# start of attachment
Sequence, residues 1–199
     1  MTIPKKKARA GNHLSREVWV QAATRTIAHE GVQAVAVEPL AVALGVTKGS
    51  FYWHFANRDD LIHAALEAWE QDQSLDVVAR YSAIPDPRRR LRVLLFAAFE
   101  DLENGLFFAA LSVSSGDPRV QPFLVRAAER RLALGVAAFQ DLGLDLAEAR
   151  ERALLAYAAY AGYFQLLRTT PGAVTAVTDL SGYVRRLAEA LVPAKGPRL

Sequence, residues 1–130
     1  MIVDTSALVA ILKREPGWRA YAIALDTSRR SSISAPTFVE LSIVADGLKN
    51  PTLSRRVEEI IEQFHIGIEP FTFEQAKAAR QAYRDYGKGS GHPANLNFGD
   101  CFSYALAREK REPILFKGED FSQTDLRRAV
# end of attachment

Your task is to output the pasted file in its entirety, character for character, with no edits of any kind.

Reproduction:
Sequence, residues 1–199
     1  MTIPKKKARA GNHLSREVWV QAATRTIAHE GVQAVAVEPL AVALGVTKGS
    51  FYWHFANRDD LIHAALEAWE QDQSLDVVAR YSAIPDPRRR LRVLLFAAFE
   101  DLENGLFFAA LSVSSGDPRV QPFLVRAAER RLALGVAAFQ DLGLDLAEAR
   151  ERALLAYAAY AGYFQLLRTT PGAVTAVTDL SGYVRRLAEA LVPAKGPRL

Sequence, residues 1–130
     1  MIVDTSALVA ILKREPGWRA YAIALDTSRR SSISAPTFVE LSIVADGLKN
    51  PTLSRRVEEI IEQFHIGIEP FTFEQAKAAR QAYRDYGKGS GHPANLNFGD
   101  CFSYALAREK REPILFKGED FSQTDLRRAV